BACK

Sofie Delauw / Getty Images

Account management

Can you use one credit card to pay off another?

While you can’t charge one credit card’s debt to another credit card, you can transfer that balance. Here’s how to make it work for you

Summary

Paying one credit card’s debt with another card is not exactly possible, but that doesn’t mean you can’t do a balance transfer to avoid paying interest on that debt. Read on to see the pros and cons of a balance transfer, along with tips to do it right.

The content on this page is accurate as of the posting date; however, some of our partner offers may have expired. Please review our list of best credit cards, or use our CardMatch™ tool to find cards matched to your needs.

You’ve charged so much on your favorite credit card that you’re almost at its credit limit. You need to pay off that debt fast. Can you use a different credit card to pay off all those purchases?

The short answer is no. At least not directly. Credit card providers don’t allow you to pay off your debt simply by charging it to another card.

But there is an indirect way to pay off this debt with another credit card: a balance transfer. Here’s what you need to know.

See related: Best balance transfer credit cards

Why a balance transfer allows you to pay one card with another card

In a balance transfer, you usually move the debt from one credit card to a new one. Most of the time, you’d do this if the new card offered a significantly lower interest rate than the one attached to your existing card. For instance, many credit cards offer new users 0% interest on balance transfers for a limited time, usually six to 18 months.

Every now and then issuers may also issue special balance transfer promotions on existing cards as a way to encourage current cardholders to use more of their available credit.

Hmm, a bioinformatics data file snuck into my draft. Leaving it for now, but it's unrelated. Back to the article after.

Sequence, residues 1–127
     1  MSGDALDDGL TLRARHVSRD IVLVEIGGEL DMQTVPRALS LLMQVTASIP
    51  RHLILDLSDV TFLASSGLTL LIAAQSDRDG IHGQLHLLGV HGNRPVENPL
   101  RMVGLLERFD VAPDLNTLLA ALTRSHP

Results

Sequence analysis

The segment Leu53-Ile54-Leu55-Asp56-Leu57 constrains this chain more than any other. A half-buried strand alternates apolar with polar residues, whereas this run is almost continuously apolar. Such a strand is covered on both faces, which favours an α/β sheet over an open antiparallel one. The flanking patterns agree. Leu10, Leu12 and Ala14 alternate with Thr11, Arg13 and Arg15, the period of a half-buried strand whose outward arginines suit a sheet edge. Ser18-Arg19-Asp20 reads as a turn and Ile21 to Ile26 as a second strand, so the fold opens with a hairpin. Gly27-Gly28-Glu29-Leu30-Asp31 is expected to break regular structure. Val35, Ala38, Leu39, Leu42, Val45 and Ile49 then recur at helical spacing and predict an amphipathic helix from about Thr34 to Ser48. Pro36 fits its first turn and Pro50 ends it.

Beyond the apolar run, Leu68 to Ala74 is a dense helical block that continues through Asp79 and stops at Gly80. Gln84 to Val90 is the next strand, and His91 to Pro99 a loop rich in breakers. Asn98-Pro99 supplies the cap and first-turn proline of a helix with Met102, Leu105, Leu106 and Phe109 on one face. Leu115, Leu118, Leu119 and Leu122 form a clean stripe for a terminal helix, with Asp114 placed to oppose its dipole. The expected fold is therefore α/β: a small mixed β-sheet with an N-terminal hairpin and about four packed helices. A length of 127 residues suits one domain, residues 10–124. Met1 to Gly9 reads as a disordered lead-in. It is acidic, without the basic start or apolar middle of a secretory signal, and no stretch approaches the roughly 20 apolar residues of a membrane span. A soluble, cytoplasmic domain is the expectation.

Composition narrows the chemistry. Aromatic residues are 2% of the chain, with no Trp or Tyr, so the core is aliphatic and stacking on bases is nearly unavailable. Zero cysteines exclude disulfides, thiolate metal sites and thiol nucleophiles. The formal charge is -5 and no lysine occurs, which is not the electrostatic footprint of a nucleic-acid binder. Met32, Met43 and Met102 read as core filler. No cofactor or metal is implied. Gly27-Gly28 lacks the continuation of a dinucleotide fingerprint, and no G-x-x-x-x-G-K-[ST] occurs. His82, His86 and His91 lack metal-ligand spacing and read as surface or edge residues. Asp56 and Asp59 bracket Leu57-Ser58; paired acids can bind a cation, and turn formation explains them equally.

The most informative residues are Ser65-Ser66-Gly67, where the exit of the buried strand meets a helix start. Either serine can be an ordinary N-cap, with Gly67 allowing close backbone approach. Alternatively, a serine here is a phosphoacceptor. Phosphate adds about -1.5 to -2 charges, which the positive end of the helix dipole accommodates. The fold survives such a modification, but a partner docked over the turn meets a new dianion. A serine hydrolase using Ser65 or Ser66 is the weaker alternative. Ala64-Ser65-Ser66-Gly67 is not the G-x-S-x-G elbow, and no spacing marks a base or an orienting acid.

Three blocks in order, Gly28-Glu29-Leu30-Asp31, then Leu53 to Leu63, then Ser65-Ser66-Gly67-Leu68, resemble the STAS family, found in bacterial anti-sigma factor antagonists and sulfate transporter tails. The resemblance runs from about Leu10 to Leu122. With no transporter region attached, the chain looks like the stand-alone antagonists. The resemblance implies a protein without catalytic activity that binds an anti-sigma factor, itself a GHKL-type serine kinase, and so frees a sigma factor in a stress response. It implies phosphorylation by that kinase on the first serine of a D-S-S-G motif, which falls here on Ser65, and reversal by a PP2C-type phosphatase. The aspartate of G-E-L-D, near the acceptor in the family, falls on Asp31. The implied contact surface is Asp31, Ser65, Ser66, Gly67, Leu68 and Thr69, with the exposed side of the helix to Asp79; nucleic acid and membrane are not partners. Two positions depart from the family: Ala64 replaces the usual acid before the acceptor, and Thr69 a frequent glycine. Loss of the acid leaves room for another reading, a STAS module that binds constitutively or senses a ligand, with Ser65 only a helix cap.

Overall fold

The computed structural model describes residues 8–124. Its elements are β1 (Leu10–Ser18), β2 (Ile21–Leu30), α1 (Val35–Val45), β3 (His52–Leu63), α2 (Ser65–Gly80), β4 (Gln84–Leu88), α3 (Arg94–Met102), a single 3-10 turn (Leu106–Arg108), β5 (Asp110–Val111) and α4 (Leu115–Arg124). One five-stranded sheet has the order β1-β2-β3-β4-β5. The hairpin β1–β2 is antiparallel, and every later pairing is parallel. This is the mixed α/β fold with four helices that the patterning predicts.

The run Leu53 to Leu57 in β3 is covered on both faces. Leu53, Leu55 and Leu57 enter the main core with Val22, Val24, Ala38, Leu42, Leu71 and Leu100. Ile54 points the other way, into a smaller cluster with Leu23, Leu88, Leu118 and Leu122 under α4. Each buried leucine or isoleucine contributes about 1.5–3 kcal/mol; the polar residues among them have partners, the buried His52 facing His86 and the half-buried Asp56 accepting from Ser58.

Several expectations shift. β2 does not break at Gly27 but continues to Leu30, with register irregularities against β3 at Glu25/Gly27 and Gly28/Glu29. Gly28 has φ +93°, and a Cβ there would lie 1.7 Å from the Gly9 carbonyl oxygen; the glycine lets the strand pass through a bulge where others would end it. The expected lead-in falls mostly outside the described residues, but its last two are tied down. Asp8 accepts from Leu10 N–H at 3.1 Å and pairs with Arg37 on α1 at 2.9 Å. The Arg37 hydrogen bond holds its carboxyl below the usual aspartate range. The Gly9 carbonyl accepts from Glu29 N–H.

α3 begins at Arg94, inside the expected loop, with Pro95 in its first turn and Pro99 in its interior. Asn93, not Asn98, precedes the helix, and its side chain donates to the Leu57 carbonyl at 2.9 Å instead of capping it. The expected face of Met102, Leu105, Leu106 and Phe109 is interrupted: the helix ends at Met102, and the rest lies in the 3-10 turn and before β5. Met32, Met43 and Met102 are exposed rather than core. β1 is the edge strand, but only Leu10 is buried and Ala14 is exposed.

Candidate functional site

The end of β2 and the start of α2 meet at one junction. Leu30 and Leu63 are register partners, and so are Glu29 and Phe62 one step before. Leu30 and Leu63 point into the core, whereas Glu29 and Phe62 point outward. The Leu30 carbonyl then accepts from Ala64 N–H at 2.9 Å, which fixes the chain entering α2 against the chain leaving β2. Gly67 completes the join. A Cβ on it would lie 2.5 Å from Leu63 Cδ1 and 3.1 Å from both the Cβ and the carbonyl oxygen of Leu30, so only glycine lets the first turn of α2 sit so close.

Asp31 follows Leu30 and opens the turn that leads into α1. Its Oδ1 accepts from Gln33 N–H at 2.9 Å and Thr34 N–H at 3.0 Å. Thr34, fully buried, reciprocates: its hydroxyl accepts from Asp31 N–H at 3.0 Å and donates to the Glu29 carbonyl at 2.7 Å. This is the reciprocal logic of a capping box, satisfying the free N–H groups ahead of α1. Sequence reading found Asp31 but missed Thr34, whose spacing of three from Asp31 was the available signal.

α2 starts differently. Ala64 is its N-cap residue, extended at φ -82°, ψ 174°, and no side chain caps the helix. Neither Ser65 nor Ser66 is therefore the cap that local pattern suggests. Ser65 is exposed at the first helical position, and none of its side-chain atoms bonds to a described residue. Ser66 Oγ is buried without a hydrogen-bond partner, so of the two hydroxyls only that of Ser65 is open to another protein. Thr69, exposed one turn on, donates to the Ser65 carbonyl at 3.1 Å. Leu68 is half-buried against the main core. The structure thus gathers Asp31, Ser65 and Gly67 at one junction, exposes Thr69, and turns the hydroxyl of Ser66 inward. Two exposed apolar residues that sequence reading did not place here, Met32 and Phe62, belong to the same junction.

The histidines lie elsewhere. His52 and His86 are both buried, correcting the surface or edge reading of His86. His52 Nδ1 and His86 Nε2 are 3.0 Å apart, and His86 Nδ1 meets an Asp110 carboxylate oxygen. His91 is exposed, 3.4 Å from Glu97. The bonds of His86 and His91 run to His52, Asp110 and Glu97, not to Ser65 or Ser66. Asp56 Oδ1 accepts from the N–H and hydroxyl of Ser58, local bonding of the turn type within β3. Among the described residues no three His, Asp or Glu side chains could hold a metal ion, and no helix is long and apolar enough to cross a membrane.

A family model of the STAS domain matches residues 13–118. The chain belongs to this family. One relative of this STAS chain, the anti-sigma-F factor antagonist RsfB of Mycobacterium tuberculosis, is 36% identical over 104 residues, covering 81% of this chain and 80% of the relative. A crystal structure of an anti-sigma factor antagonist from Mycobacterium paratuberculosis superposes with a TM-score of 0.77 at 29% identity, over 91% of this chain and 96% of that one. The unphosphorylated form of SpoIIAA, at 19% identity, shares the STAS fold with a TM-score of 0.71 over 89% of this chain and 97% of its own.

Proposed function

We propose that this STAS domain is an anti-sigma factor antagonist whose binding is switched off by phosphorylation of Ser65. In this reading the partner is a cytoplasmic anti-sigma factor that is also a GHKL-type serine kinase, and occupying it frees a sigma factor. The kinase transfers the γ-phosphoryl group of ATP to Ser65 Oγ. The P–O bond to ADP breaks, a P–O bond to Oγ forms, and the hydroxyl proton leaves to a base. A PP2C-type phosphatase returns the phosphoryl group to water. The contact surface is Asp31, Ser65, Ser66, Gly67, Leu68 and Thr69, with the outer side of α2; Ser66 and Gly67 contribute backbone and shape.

If you have a lot of debt on another card – often at a high interest rate of 20% or more – you’d open the new card and transfer your existing debt to it – or to the existing card offering you the special balance transfer promotion. This would leave you with no more debt on your high-interest-rate credit card. Instead, that debt would now be on your new card, the one with a 0% initial interest rate.

During the 0% period, your debt won’t grow because of interest. This should give you time to pay it down without worrying about it rising from month to month.

See related: 9 things you should know about balance transfer cards

What you need to consider before transferring a balance to another card

The challenge? That 0% rate doesn’t last forever. After the teaser period ends, the card’s regular interest rate kicks in. That could be high, 19%, 21% or higher depending on the card.

If you don’t pay off your transferred debt by this time, the new interest rate will be attached to whatever is left. You’ll then be stuck paying high interest on your credit card debt again.